Richard Mourdock's rape comments at a debate on Tuesday night aren't making Mitt Romney's life any easier.

Desperately trying to fend off claims that he doesn't understand women's issues, the Republican nominee has been doing everything he can to distance himself from the Indiana Senate candidate's remark that "even when life begins in that horrible situation of rape, that is something that God intended to happen" made as he debated three-term congressman Joe Donnelly.

The problem isn't as simple as denouncing Mourdock's statements. There's a Web video circulating that shows Romney whole-heartedly endorsing the Indiana Senate candidate - and that Web video is far from old. Romney publicly gave his support on Sunday, just two days before the Indiana debate.

"With so much at stake I hope you'll join me in supporting Richard Mourdock for U.S. Senate," Romney says in the video. Boy, does Romney wish he could take back those 17 words.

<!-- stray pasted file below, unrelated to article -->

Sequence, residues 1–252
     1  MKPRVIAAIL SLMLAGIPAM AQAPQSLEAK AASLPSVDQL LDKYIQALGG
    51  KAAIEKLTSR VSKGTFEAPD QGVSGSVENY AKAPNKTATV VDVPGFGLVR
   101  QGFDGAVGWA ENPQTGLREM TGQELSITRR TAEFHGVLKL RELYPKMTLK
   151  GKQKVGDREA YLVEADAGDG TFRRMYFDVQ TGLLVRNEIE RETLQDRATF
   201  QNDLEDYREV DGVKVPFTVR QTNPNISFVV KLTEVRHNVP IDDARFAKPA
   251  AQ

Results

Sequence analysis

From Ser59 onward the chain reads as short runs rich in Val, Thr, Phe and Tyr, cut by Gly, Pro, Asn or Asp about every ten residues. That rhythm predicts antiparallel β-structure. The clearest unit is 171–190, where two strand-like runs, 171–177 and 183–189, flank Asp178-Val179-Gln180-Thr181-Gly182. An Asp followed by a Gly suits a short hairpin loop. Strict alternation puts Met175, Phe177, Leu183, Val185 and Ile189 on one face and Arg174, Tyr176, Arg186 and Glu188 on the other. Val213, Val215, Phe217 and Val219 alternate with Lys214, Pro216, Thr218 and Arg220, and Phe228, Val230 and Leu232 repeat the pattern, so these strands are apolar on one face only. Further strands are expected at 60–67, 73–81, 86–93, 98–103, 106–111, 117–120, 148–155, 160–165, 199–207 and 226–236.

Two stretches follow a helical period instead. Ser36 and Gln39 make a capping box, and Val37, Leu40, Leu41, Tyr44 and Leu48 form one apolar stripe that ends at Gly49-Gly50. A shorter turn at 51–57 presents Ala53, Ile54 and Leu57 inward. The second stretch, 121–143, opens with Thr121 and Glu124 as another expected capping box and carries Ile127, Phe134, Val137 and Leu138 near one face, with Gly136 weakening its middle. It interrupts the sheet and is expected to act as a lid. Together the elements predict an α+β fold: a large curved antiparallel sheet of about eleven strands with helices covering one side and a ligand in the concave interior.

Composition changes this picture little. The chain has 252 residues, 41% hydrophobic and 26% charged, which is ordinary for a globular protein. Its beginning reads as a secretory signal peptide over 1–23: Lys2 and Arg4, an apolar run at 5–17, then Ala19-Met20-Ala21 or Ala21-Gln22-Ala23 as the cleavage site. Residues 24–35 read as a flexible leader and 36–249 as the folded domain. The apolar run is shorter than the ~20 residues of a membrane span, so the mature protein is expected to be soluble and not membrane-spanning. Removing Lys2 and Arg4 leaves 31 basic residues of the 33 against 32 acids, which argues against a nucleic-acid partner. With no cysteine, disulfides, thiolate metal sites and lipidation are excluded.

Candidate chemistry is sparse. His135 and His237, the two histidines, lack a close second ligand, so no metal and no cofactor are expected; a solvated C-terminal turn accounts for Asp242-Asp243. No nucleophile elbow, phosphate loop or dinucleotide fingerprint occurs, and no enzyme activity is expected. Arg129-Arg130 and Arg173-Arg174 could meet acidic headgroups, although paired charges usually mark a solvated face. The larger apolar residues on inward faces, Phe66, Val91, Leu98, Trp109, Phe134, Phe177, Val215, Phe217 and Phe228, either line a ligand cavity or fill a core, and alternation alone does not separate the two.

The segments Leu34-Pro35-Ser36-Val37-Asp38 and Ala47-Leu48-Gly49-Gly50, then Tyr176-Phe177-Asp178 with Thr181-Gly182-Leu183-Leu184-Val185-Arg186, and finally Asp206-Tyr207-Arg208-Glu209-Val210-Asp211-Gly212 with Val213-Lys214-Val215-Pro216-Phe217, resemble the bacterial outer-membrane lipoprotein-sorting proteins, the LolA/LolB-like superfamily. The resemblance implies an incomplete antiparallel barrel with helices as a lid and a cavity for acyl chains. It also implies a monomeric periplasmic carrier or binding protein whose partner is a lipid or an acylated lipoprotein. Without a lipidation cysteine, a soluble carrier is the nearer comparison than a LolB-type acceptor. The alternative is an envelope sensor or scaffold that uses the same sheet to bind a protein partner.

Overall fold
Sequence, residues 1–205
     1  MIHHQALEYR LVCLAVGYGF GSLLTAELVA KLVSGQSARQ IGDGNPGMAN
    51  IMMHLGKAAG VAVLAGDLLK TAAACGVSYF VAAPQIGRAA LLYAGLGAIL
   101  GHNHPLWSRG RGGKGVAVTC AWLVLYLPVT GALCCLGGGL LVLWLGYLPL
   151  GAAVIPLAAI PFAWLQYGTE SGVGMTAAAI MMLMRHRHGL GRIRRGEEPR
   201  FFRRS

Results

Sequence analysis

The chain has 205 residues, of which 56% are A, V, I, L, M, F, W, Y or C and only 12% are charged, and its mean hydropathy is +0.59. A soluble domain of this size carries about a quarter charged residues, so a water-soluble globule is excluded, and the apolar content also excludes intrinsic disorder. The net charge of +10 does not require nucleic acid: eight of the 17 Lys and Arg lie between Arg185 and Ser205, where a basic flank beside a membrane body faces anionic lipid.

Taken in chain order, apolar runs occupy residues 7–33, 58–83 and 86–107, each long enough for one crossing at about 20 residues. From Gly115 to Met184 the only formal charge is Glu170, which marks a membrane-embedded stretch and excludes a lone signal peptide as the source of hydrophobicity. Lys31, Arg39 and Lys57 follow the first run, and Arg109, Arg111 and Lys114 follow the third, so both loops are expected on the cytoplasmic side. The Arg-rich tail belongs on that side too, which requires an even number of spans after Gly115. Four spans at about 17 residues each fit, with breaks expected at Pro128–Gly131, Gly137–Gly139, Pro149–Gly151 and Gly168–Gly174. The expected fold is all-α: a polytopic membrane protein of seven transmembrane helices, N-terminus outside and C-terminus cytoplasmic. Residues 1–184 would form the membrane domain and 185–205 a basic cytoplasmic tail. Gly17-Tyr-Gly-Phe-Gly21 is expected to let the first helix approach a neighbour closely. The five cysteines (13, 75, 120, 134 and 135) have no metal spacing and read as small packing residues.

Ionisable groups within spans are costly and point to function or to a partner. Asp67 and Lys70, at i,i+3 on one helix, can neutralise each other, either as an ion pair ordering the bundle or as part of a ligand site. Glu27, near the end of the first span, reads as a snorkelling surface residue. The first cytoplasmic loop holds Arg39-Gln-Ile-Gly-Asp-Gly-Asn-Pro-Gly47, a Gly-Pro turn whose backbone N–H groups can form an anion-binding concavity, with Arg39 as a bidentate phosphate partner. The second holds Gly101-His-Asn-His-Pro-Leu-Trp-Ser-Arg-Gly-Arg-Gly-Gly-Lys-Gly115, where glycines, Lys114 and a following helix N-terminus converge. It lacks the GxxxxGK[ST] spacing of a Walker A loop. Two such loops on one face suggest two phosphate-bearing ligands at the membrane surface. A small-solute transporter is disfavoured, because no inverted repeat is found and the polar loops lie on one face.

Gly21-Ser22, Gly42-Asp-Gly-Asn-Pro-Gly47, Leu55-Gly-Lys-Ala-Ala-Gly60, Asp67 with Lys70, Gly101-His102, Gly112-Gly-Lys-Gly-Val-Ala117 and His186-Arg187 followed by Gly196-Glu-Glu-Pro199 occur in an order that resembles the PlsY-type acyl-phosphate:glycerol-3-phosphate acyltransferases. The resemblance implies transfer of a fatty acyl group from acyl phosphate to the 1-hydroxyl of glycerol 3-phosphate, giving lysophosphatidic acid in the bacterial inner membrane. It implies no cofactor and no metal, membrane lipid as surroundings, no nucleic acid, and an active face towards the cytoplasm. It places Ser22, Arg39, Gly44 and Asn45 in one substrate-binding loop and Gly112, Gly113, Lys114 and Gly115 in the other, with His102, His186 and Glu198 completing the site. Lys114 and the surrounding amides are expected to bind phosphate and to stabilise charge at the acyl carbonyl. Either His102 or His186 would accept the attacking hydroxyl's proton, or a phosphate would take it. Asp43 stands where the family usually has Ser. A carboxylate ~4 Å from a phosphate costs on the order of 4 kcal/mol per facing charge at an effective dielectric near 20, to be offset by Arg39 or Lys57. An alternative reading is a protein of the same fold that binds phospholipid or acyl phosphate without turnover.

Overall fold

Now the Democratic National Committee has spliced together segments of the Mourdock comments and Romney's endorsement in a damaging video.

Romney's team took swift action on Tuesday, as Romney's spokeswoman Andrea Saul released this statement: "Gov. Romney disagrees with Richard Mourdock's comments, and they do not reflect his views." Yet Romney decided not to retract his endorsement, perplexing political pundits on both sides of the aisle.

Knowing that the GOP is working hard to court female voters, Mourdock back-pedaled this morning, putting out a statement saying: "God creates life, and that was my point. God does not want rape, and by no means was I suggested that he does. Rape is a horrible thing, and for anyone to twist my words otherwise is absurd and sick."

Since Missouri Congressman Todd Akin's interview this summer on KTVI-TV in St. Louis in which he said that pregnancy from rape is "really rare" because "if it's a legitimate rape, the female body has ways to try to shut that whole thing down," the GOP has been scrambling to prove the party doesn't take rape lightly. Now Romney finds himself defending someone else's comments yet again - and likely wondering why his party can't stop talking.

Watch the Democratic National Committee's Romney/Mourdock advertisement here...